Since 2011, countries around the world have had historic upsurges and have gained serious insight into the dynamics of anti-capitalist struggle in this period. Advance the Struggle along with La Peña Second Generation proudly presents a monthly Skype series with revolutionaries from across the globe to discuss these massive social movements.
The fourth session will involve militants from Greece who have been actively engaged in the anti-austerity movement, participated in the From the Greek Streets blog, and have contributed to the book Revolt and Crisis in Greece. The event will take place on Saturday June 28th, 12:30pm at La Peña Cultural Center (3105 Shattuck Ave., Berkeley, CA). Below is a description of the event and the leaflets for the series. Hope to see you there!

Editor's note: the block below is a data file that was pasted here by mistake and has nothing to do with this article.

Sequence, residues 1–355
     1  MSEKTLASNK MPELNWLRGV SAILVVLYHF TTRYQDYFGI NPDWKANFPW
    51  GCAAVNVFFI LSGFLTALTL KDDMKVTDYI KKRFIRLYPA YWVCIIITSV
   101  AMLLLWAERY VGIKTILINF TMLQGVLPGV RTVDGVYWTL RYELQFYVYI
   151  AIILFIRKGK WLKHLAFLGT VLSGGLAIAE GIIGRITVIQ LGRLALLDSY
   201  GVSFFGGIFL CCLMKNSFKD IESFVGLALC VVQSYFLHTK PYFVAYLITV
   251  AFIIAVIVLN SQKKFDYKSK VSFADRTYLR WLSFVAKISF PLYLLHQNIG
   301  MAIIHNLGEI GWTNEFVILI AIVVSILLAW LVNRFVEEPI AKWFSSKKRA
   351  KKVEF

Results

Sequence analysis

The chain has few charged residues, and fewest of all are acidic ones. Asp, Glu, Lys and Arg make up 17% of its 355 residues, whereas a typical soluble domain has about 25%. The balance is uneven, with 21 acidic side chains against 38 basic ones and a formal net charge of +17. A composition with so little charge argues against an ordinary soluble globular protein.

Between spectacle and resistance: reflections on struggling in Greece today.
The event will include reflections on the current state of affairs of the wider antagonist movement in Greece today: its recent struggles, its shortcomings, its potential ways forward. What lessons do six years of continuous struggle against police and neoliberal repression leave us with? And what may be the potential ways forward?
Posted in Analysis/Theory, Event Announcements, Flyers
Tagged anarchism, austerity, class struggle, Economic crisis, From the Greek Streets, greece, internationalism, la pena, La Pena 2nd Generation, Marxism, Occupied London, revolution, riots, strikes
Since 2011 countries around the world have had historic upsurges and have gained serious insight into the dynamics of struggle in this period. Advance the Struggle along with La Peña Second Generation proudly presents a monthly Skype series with revolutionaries from across the globe to discuss these massive social movements.